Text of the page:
A week in the Holy City


Expectations. I never travel with high ones but I thought I would leave the way of the Tourist to become a Pilgrim in Jerusalem. Almost nothing less is true. I tried to find spirituality in the Via Dolorosa (contains 9 of the 14 stations of the Cross), the tomb of the Virgin Mary, the Church of the Holy Sepulchre (last 5 stations) and various other places, but it was hard. Only in the last two days I felt the meaning of this place. One moment was in the church of he Holy Sepulchre where we celebrated holy mass with the bishop and a small part of Jerusalem’s Syrian Orthodox congregation in the tiny church of St Nicodemus. It truly is special singing from the fankitho about the crucifixition and resurrection while you are standing at the very place it took place (also the grave of Joseph of Arimathea is only two meters away from the altar). Hearing and singing the Lord’s prayer in Aramaic together with forty voices in the small cave that is our church warmed the heart, spirit and soul.
This morning it was only me with the two monks at St Mark’s church. Their solemn prayers made me finally feel at rest. The weariness of walking, talking and haggling washed away and only the good memories remained.

Bethlehem was something else. The surreal experience of passing through the wall on foot (first words that came to mind: scary, desolate, prison) made a big impression, the hustle downtown a couple of minutes later makes you forget such a thing exists. But it does has a profound influence on the lives of people in the West Bank, something the majority does not deserve I believe. With a dear friend I visited the church of the Nativity, the church of the milk grotto, had falafel at Dawood and later passed by shepherd’s field (which could have been any field in the vicinity, but still three different denominations claim a part of a tree-lined area). Here I also felt a sense of belonging, not in the least part due to a belly full of maqloobe, labaneh, figs and knafeh. The warmth of a Syriac home or church can never be cooled off by a wall, government or war.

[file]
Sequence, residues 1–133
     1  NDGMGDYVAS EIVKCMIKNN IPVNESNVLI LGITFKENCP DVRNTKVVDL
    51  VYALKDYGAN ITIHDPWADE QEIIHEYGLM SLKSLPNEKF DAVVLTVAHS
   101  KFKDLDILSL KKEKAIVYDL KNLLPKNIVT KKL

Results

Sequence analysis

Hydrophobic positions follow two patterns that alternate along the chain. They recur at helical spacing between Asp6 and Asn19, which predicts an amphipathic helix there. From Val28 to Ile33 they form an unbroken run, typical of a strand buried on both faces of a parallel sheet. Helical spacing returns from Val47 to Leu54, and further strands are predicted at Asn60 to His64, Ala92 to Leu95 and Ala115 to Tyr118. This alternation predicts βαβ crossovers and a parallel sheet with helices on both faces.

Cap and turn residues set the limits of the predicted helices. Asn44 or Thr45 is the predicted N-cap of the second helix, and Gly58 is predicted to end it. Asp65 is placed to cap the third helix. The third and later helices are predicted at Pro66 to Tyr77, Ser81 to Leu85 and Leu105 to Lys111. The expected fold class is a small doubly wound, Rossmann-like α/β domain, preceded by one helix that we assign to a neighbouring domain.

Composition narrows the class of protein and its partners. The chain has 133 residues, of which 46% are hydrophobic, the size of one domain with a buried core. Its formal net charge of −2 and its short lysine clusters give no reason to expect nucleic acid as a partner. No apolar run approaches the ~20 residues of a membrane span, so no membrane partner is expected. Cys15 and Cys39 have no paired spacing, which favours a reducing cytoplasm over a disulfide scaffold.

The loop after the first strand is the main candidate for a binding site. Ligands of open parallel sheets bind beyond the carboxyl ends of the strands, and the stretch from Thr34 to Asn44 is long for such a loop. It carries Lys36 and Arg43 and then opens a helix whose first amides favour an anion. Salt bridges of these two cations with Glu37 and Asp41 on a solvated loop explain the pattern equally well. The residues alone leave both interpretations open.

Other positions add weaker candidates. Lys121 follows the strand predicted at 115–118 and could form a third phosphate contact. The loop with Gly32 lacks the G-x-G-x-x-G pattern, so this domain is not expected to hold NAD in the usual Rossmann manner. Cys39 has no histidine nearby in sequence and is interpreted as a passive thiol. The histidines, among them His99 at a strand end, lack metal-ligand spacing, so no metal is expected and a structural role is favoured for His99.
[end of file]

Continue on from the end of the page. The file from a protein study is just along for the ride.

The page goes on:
Where Turkey felt like a home without a ‘welcome’ doormat, I think that I have fallen in love with this country. It has its downsides too, I saw two beat up women in the streets of the Old City, I saw a wall that should not exist and I saw the greed in the people’s eyes and their actions. The peace in Jerusalem floats on a cork made of money and a strong military presence. There is more respect for a full wallet than the religion of the other. I do not think a pilgrimage by air, airconditioned and WiFi fitted buses and greedy taxi drivers is the way to find Christ nor your inner self. The nature of cities is that they grow with the needs of their people and visitors. As a city councillor, I know these needs and expectations can interfere with each other. Where I took the cable car to Qarantul on the Mountain of Temptation in Jericho, which has charms of its own but still, I would have rather walked up there. Where I entered the Church of the Holy Sepulchre with a photo camera, and I did take some nice pictures, I should have done so with a bible in hand. And where I spend most of my time in and around the Old City visiting various biblical sites, I wish that I had spent more time with my new friends who took me in their home and showed me around.

‘Why are you leaving so soon?’ Raban Shemun asked me yesterday. ‘I got a taste of this place, and I am no satiated yet.’ Shalom, toda, Shlomo and taudi. It has been a terrific journey.

On a side note:
– Celebrating mass at the tomb of the Virgin Mary is something special. ‘Celebration’ is not the right word though, it is a yelling contest between the Syrian Orthodox and Armenian Orthodox as they pray at their respective altars at the same time. The Copts have their own altar but are with even less people than the Syrian Orthodox.
– Mor Severius, the bishop of Israel and Jordan has a great sense of humor, and loves to share funny youtube videos.
– Raban Shemun is an old, gentle and peaceful man. He knows almost all residing clergymen in the Old City and they all stop to greet him. But when walking to church, it takes a pair of very good legs to keep pace with him. Thankfully he stops for a short prayer at each station of the Cross.
– Lines at check-in counters and security gates tend to be long due to a lot of baby carts, that’s why there are no lines at food courts, bars or fast food restaurants. You just fight your way up front, place your order and wait until someone shouts your name.

Read previous: Intermezzo: Petra & Wadi Rum

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